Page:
Death spiral: a black hole spins on its side
An international team of astronomers including those from the University of Freiburg and Leibniz Institute for Solar Physics (KIS), Germany, found that the axis of rotation of a black hole in a binary system is tilted more than 40 degrees relative to the axis of the stellar orbit. The finding challenges current theoretical models of black hole formation. The study has been published in "Science".
Astronomers made the first reliable measurement of a large difference between the axis of rotation of the black hole and the axis of the binary system orbit. The difference between the axes measured by the researchers in a binary star system called MAXI J1820+070 was more than 40 degrees.
Often for the space systems with smaller objects orbiting around the central massive body, the own rotation axis of this body is to a high degree aligned with the orbital axis of its satellites. This is true also for our solar system: the planets orbit around the Sun in a plane, which roughly coincides with the equatorial plane of the Sun. The inclination of the Sun rotation axis with respect to the orbital axis of the Earth is only seven degrees.
"The expectation of alignment, to a large degree, does not hold for the bizarre objects such as black hole X-ray binaries. The black holes in these systems were formed as a result of a cosmic cataclysm − collapse of a massive star. Now we see the black hole dragging matter from the nearby, lighter companion star orbiting the system’s gravity center. We see bright optical and X-ray radiation as the last sigh of the infalling material, and also radio emission from the relativistic jets expelled from the system." - says Juri Poutanen, Professor of Astronomy at the University of Turku (UTU), Finland, and the lead author of the publication.
By following these jets in radio and the X-rays, the researchers were able to determine the direction of the axis of rotation of the black hole very accurately. As the amount of gas falling from the companion star to the black hole later began to decrease, the system dimmed, and much of the light in the system came from the companion star. In this way, the researchers were able to measure the orbit inclination using spectroscopic techniques, and it happened to nearly coincide with the inclination of the ejections. The 3D orientation of the orbit in space was determined by a critical measurement of the positional angle of the system on the sky (with respect to the direction to the North) using the polarimetric technique.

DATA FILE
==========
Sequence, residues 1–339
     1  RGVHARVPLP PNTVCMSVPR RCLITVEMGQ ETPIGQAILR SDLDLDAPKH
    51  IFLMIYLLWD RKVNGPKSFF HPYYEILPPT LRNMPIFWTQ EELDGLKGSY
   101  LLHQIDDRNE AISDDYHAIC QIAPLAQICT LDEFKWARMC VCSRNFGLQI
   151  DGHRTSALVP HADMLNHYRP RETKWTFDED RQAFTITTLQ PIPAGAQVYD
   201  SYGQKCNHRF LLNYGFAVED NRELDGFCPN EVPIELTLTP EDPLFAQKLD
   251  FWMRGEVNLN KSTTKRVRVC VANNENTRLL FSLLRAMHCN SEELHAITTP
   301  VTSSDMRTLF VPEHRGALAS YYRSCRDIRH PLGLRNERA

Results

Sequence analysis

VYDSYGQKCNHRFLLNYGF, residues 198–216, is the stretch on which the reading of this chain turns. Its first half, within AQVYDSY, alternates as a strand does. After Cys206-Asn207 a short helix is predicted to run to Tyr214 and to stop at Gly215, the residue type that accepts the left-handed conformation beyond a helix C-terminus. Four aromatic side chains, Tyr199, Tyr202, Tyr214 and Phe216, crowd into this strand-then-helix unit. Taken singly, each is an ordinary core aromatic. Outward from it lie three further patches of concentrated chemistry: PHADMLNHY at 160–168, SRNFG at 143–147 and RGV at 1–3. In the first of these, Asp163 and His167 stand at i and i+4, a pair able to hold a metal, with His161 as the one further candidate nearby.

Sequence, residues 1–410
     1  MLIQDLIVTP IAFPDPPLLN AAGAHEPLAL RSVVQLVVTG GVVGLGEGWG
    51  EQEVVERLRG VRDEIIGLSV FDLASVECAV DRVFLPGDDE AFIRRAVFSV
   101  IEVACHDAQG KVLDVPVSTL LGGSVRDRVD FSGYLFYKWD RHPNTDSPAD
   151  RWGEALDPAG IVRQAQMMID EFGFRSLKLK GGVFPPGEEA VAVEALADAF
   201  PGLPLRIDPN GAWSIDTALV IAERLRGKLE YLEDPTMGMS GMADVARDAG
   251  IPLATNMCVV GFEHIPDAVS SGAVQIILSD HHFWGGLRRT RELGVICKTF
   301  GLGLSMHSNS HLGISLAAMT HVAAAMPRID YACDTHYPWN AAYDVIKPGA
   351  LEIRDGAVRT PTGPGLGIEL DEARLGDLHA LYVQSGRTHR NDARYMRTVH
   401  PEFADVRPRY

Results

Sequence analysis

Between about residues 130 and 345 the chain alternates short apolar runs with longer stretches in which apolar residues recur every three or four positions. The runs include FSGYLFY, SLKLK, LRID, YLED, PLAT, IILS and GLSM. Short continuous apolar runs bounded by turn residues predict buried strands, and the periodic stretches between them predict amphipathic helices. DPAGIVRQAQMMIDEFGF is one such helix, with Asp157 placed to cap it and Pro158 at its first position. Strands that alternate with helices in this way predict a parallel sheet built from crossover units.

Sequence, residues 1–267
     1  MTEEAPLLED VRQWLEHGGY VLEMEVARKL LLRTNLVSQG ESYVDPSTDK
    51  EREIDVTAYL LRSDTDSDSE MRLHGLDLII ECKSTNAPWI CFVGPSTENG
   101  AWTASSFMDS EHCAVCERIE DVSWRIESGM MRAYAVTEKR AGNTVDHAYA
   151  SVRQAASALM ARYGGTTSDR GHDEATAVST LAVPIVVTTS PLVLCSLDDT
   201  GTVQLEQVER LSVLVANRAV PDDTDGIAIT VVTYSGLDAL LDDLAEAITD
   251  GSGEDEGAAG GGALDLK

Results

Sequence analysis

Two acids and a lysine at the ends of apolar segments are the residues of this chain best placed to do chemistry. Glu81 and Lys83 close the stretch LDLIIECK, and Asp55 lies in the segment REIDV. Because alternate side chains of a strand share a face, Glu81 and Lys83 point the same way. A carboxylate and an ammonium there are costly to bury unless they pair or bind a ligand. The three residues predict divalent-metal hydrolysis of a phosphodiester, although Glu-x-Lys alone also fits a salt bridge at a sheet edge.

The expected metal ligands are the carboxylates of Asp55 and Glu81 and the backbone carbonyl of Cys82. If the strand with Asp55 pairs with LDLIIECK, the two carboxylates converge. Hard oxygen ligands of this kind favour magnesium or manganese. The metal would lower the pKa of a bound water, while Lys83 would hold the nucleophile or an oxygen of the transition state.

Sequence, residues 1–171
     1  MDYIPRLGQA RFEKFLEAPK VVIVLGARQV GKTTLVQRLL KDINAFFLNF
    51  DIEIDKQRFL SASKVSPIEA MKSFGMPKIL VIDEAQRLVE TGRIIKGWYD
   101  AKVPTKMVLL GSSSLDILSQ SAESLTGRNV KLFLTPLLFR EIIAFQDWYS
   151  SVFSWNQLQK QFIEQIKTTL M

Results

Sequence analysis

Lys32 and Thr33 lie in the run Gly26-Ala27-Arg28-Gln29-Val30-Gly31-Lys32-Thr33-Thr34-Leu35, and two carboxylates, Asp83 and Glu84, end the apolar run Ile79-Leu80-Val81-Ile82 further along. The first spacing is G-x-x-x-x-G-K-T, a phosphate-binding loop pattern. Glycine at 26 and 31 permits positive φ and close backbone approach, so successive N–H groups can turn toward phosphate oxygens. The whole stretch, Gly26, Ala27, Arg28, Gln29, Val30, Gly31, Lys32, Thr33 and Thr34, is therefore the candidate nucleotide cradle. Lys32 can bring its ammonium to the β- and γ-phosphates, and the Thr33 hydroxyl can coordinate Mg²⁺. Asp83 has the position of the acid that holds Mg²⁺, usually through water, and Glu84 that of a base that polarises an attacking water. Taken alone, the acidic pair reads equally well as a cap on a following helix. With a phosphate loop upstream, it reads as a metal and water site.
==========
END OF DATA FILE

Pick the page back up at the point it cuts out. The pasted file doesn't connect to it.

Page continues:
“The high-precision polarimetric instruments and techniques developed at KIS jointly with UTU reveal novel information about the geometry and physics of exoplanets, asteroids, interstellar magnetic field, white dwarfs and now black holes, because light waves become polarized by scattering and magnetic fields. Our polarimeter DIPol-UF used in this study is unique in its capacity to measure optical polarization with the precision and accuracy of a few parts per million. Determining the orbit orientation of black holes using polarization opens a new path towards understanding their formation and physics.” - says Prof. Dr. Svetlana Berdyugina of the University of Freiburg who leads high-precision polarimetry projects at KIS is a co-author on the paper.
The found difference of more than 40 degrees between the orbital axis and the black hole spin was completely unexpected. Scientists have often assumed this difference to be very small when they modeled the behavior of matter in a curved time space around a black hole. The new finding forces scientists to add a new dimension to the models.
The results are published in Science magazine and provide new insights into black hole formation and evolution of such systems, as such extreme misalignment is hard to get in many black hole formation and binary evolution scenarios.
The key finding was made using the polarimetric instrument DIPol-UF, built jointly by the Leibniz Institute for Solar Physics (KIS) and the University of Turku and deployed at the Nordic Optical Telescope, which is owned by the University of Turku jointly with the Aarhus University in Denmark. The funding for the instrument was provided by the ERC Advanced Grant HotMol led by Prof. Dr. Berdyugina.
Information to the attached iIllustration:
Artist impression of the X-ray binary system MAXI J1820+070 containing a black hole (small black dot at the center of the gaseous disk) and a companion star (red). A narrow jet is directed along the black hole spin axis, which is strongly misaligned from the axis of the orbit. Image produced with Binsim (credit: R. Hynes).
Prof. Dr. Svetlana Berdyugina, Email: firstname.lastname@example.org
The research paper was published in Science